Chris Priest Was, and - as Far as I am Aware- still is a Consummate Professional in the Field who ever and always Has /HAD his Writing Tendrils Extended and his note book poised so that ... Say, at a convention of some time ago He Watched me dealing with a problem at a Con that was not My Problem strictly speaking for I was not, he knew, , either on on the con committee or Opps - But, Lo, HE knew that I am Drawn To Trouble as The Sparks Fly Upwards - and, after I'd sorted it Out he approached me at The Bar - as was sensible - and Spoke Saying " So, ' A ' ..That Weird Woman and HER Problem, and Her 'Boyfriend ' that you looked as if you might knock down and jump up and down on ?? What Was IT, and How did you Solve it without violence? "

As a non writer I suspect that the writing /redraft process starts long before the Writer places Finger to Keyboard and the re write goes on long after the "Finished " Final Draft leaves your hand .... Editor to Writer : " Did YOU Really Mean to say That ? Wouldn't it be better if ?????? " ...

11:

My experience with advice from writers about how to write is to take it with a chunk of salt. Try it out, by all means, but don't try to emulate the procedure, it may fuck up your process, such as it is.

I listened to some advice that Harlan Ellison wrote long ago, and trying to copy him exactly just did not work for me. It was useful in a way, but it would have been more useful to just ignore him, or to have realised that it was only helpful up to a point. Or that what works for an experienced writer isn't necesarily what a novice needs.

12:

John, this is a brilliant post. I love all those references, especially that bit about Terry Pratchett. I took so much much away from it. I'll be coming back and rereading this post as well, and visiting your blog from hereon out, obviously.

13:

The old-style pulp writers maybe have a few things to teach us. They were writing for a market which demanded faced paced action. It's maybe in vogue to criticise the short attention span of the modern audience, but I don't think that there's anything all that new in it. So grabbing the reader by the throat is worth doing. And don't let them go.

Of course, it's not a model for every book.

But even if you're getting nowhere, there might be a line you could use.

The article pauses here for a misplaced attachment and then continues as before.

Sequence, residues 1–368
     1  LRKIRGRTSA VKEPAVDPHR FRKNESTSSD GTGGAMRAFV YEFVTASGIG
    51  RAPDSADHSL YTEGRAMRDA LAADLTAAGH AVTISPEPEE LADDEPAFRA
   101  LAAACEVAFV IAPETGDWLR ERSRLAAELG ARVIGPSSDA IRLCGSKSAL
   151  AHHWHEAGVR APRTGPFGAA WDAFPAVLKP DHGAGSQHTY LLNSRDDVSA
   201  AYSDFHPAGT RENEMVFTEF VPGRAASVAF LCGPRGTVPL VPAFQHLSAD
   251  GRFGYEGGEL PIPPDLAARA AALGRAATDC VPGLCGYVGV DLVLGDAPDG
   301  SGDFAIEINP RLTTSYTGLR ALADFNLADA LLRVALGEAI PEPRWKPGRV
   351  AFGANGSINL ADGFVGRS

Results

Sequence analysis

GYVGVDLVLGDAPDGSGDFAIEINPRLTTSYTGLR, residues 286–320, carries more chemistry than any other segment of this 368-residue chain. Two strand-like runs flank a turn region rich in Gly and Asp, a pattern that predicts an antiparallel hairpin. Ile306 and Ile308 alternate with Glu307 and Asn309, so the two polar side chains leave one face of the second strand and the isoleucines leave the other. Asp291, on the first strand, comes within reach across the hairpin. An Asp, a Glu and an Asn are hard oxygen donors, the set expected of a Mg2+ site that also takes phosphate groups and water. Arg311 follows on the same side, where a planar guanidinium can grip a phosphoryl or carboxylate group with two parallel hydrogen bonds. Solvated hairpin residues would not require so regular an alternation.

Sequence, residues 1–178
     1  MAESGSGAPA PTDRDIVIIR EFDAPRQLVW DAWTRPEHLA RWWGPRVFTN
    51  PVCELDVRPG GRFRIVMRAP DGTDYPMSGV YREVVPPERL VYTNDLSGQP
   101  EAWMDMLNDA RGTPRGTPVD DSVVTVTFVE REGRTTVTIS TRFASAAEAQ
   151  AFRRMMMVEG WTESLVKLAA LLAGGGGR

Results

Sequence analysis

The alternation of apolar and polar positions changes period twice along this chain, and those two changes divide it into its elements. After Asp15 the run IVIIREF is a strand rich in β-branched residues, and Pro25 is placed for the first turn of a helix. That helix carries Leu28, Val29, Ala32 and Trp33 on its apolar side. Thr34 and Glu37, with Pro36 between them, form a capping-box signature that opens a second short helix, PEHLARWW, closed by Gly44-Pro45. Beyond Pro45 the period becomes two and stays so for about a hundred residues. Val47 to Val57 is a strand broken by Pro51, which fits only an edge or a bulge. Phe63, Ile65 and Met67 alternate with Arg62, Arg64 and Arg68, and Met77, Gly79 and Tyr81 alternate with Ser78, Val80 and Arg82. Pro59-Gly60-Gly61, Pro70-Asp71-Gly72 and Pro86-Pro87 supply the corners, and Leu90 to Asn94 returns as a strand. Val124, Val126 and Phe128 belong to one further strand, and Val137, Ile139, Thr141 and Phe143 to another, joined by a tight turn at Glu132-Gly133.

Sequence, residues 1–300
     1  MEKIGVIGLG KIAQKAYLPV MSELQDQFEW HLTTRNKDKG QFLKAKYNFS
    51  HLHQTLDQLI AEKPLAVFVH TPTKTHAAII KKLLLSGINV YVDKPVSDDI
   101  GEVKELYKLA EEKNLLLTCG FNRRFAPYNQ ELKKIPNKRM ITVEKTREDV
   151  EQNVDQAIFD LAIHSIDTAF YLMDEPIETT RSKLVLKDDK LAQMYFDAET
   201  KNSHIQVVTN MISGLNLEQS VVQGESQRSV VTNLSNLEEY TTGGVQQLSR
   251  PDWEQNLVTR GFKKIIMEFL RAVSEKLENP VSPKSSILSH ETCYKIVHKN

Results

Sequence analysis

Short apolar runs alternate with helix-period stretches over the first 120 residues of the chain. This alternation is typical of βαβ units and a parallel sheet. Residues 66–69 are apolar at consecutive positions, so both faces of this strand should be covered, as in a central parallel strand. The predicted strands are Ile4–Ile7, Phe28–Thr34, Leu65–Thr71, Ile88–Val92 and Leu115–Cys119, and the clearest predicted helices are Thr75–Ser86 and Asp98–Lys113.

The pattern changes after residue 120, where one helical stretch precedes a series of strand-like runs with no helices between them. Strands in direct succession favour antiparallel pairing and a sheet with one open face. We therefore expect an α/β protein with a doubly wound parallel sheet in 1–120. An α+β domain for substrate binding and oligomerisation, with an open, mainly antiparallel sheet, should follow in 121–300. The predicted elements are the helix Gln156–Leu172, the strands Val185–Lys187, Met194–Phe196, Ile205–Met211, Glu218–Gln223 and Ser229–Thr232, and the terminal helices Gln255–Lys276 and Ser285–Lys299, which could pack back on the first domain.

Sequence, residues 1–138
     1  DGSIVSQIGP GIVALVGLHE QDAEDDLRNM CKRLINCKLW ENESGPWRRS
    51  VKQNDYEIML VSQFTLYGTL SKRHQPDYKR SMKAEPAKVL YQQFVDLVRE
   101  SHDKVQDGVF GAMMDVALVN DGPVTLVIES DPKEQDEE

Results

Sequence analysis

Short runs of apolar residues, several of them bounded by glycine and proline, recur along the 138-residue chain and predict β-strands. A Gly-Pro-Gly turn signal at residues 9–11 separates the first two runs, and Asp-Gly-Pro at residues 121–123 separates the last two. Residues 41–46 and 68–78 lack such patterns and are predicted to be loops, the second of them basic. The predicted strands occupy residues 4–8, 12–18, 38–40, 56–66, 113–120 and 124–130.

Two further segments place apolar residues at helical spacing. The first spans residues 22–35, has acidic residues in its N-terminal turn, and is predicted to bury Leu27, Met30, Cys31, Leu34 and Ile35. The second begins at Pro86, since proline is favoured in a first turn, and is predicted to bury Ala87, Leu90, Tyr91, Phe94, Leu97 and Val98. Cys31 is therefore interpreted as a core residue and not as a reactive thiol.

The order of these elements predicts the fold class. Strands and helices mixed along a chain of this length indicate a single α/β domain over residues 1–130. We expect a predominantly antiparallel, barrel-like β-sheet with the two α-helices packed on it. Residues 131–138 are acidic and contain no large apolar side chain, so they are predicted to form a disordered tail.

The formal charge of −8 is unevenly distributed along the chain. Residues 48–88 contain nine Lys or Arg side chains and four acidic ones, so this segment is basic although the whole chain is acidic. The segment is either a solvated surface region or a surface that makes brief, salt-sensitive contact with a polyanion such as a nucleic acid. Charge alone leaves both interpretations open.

"It was a Wednesday, not the best day of the week to rob a bank."

14:

Yes... Take what works for you and discard the rest, definitely.

I've steered clear of discussing anything that applies to full-time writing (or even of when to take the plunge - and for me, a conversation with Charlie in an Edinburgh restaurant some years back was very helpul) and in particular to address the motivation you need to keep writing while holding down a day-job.

Anything along the lines of "write every day" applies to novels - I might amend it to "write a whole draft from beginning to end without interruptions." [Caveat: except when a voice of doom in your head tells you it's time to stop and rethink.] Dreaming up a new short story the day after you've finished one... that's far too much to ask.

And I've tried to mention the things that work for most and to note the things that vary.

For anyone still at the early stages, whatever that really means - um, reading Orson Scott Card's "Character & Viewpoint" might be helpful. Other than that, the basic commandment (as per Stephen King, Neil Gaiman, Ian Rankin, me...) is: Read Lots. Write lots.

And persevere. Everything else is entirely up to you...

...and I look forward to reading something by you at some point!

15:

I’ve become obsessed with divining/distilling the essence of a novel. What’s the theme? The underlying message?

I think I'll just pass on the spirit of Stephen King's advice here. If you've reached the end of the first draft, and then you work out what the theme is, you can use that knowledge during revision to bring out features of the narrative that will help everything to be seamless, whole and coherent.

Other than that: yes, being able to do the famous "elevator pitch" is useful if you're rubbing shoulders with editors. Not so much otherwise. (An inability to create such a pitch might indicate a book that is so cross-genre or out of genre that it doesn't fit a publishing niche.)

As for the second book thing... Well, congratulations, because you've done it once before, so you can do it again!

I was profoundly unhappy with my second book as I was nearing the end of the first draft, and stopped writing. After a stressful few days in the day-job, I was driving back from a somewhat unpleasant client meeting in Scotland (end of the short project though, and no draggers were drawn against me personally) and pulled my car off the road somewhere in the Lake District, and fell asleep.